- New vulnerability exposures highlight the continuing riskiness of enabling the use of Android devices within the enterprise, but carefully crafted BYOD policies can reduce that risk.
- Google needs to step up its mobile security practices if it truly wants to be an enterprise player.
The steady drumbeat of news regarding Android security weaknesses – whether in the OS or the applications that run on it – does not seem to be having much of an impact on Google’s security practices. It should be well known by now that the vast majority of mobile malware targets Android devices. Earlier this year, endpoint security firm F-Secure found that 99% of new mobile malware targeted Android. This week, it was revealed that most versions of Android in use today include a vulnerability that enables rogue apps to make unauthorized calls or disrupt ongoing legitimate calls. Although Google fixed the flaw in the Android version 4.4.4 that it released last month, very few Android devices run that version. Moreover, given the slow rate at which Android devices are patched or upgraded to the latest version of the OS, the vulnerability could continue to haunt the vast majority of Android smartphones for some time to come. IT, as it crafts its policies for personal smartphone use in the enterprise, can address that issue by requiring users to keep their device OS up to date in order to gain access to the enterprise network from their smartphones. IT can also investigate which handset makers are faster at upgrading their Android device’s mobile OS and put those devices on a list of acceptable smartphones for use within the enterprise. My colleague and mobile device maven Avi Greengart tells me that both Motorola and HTC have formal pledges to rapidly update Android. Other IT folks may go so far as to allow only Apple iOS devices to access corporate networks in their BYOD policies.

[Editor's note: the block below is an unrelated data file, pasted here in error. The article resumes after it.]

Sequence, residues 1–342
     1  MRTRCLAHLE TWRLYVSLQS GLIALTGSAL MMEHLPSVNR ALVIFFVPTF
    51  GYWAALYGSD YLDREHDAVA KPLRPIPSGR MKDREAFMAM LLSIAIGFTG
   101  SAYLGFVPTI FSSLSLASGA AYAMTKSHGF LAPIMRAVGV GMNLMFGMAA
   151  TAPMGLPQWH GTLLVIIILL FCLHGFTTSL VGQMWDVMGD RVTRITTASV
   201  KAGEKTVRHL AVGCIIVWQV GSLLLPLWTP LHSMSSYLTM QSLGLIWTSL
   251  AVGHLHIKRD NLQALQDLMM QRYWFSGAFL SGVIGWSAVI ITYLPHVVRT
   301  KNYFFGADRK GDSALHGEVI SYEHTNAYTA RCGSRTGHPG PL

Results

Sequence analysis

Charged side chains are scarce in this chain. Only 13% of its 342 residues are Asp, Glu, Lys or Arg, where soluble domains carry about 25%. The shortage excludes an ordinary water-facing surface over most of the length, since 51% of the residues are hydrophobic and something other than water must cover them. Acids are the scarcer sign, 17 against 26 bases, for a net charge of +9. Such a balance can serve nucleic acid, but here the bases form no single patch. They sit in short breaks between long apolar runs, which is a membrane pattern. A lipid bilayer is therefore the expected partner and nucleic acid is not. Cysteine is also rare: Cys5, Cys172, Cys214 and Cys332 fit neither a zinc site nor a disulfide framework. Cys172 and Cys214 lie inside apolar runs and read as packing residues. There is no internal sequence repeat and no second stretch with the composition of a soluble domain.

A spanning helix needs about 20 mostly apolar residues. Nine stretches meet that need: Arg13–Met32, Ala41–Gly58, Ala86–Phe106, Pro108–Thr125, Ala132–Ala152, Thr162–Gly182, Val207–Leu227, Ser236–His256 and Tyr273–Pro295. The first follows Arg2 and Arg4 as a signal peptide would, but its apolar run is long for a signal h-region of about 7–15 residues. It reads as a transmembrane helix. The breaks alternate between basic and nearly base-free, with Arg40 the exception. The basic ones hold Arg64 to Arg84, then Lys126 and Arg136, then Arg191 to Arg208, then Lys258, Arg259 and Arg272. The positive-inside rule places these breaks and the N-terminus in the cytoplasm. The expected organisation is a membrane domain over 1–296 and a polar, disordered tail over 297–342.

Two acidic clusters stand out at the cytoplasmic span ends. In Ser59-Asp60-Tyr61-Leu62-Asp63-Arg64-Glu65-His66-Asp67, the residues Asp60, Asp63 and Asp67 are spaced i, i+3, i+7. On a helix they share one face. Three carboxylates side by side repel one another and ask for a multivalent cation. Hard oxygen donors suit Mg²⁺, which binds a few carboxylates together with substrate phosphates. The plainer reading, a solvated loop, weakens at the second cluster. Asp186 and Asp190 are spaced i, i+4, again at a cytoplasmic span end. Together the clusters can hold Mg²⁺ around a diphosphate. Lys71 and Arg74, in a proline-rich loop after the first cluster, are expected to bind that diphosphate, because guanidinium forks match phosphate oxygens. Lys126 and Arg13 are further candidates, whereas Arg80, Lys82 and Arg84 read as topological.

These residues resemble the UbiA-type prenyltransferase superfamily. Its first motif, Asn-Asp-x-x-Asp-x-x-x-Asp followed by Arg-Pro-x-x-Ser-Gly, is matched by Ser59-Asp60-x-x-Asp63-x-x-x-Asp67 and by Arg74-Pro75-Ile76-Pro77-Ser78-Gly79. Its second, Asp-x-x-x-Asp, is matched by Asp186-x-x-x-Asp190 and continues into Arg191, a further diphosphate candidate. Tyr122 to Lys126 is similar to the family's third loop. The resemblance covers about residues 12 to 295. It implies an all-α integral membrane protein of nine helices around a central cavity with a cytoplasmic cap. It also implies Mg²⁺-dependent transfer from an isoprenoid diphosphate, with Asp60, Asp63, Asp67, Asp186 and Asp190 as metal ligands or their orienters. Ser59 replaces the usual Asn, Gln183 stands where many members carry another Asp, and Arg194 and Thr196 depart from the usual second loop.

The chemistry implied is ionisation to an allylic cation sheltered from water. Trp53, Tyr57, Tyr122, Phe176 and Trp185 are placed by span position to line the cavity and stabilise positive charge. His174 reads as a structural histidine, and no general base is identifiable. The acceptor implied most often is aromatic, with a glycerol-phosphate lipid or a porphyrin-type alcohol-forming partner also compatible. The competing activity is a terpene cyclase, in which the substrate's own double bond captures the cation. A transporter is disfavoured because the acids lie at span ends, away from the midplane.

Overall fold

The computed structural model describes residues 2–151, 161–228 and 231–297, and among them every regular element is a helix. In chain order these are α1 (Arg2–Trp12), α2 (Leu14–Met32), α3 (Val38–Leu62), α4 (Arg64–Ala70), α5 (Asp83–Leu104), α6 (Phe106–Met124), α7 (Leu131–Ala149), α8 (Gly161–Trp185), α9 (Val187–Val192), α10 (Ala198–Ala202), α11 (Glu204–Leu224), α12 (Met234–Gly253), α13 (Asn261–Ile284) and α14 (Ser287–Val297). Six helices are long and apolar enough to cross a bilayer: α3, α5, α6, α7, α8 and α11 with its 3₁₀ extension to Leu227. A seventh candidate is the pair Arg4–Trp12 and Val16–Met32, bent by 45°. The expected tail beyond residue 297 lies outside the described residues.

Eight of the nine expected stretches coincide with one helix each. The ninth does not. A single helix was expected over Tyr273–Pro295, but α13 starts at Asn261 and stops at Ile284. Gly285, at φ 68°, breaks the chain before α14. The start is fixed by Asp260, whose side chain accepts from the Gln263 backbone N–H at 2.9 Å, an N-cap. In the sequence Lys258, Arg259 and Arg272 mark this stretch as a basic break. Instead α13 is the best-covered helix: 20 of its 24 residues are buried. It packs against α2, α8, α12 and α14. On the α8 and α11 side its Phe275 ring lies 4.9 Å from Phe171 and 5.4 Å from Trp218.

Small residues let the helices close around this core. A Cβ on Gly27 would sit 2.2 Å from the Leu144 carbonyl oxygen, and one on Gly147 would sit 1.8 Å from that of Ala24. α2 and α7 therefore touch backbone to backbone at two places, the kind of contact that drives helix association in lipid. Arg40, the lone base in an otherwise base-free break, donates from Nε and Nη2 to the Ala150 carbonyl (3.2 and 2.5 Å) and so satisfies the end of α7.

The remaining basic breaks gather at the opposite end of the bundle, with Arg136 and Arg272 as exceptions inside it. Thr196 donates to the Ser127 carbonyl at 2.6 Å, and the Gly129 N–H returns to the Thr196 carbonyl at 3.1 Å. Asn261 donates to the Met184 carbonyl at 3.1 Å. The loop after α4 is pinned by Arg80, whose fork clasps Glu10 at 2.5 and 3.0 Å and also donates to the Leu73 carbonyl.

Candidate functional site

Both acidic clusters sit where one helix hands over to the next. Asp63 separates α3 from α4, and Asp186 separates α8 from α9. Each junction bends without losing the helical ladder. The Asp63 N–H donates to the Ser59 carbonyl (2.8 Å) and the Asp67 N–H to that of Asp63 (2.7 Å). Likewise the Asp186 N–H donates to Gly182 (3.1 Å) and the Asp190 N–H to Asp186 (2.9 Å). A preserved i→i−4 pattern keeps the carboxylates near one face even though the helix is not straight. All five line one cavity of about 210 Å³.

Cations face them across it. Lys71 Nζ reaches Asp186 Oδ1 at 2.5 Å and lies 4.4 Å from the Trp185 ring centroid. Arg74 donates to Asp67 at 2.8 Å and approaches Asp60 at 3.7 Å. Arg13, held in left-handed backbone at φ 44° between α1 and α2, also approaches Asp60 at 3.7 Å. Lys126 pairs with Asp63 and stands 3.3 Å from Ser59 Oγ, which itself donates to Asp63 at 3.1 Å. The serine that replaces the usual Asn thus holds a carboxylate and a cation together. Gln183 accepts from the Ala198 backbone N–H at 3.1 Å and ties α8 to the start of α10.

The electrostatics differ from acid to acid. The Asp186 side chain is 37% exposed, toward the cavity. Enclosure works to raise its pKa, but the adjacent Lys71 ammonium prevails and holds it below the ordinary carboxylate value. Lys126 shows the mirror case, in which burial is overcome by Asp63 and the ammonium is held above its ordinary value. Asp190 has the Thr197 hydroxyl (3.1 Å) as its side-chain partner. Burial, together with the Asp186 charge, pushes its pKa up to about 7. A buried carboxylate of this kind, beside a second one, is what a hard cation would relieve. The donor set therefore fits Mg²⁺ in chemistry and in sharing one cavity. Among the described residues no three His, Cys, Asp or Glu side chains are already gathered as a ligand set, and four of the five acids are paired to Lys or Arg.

Last month, another new, potentially wide-ranging Android security risk came to light when Columbia University researchers revealed that many apps in the Google Play store can be easily compromised to enable cyber criminals to steal corporate and personal data. The researchers found that many Android developers store the secret authentication key for their apps within the app itself. Since the apps can be fairly easily decompiled using commonly available tools, cyber criminals could easily steal the keys and use them to decrypt data that the application stores on a remote server, including servers used as part of a cloud service such as Amazon Web Services or Dropbox, for example. IT may want to ban the use of any Google Play personal productivity apps in which users would store corporate data and provide safer alternatives.
Google’s security screening of apps it allows in Google Play apparently is not up to snuff in weeding out such risky applications. That needs to change if Google truly wants to expand its reach into the enterprise. Android phone use within the workplace is a reality today, but there is no guarantee that it will grow. One or two high-profile breaches enabled through Android devices could cause IT to tighten controls over which devices are allowed in the enterprise. Google needs to step up its mobile security game if it wants to be more than a consumer company. The good news is that the upcoming Android L release, due late this year, includes more security controls, such as the use of the Samsung Knox container technology and management APIs that will be part of Google’s Android for Work developments. Now, let’s see what Google can do to better filter out insecure or malicious apps from Google Play.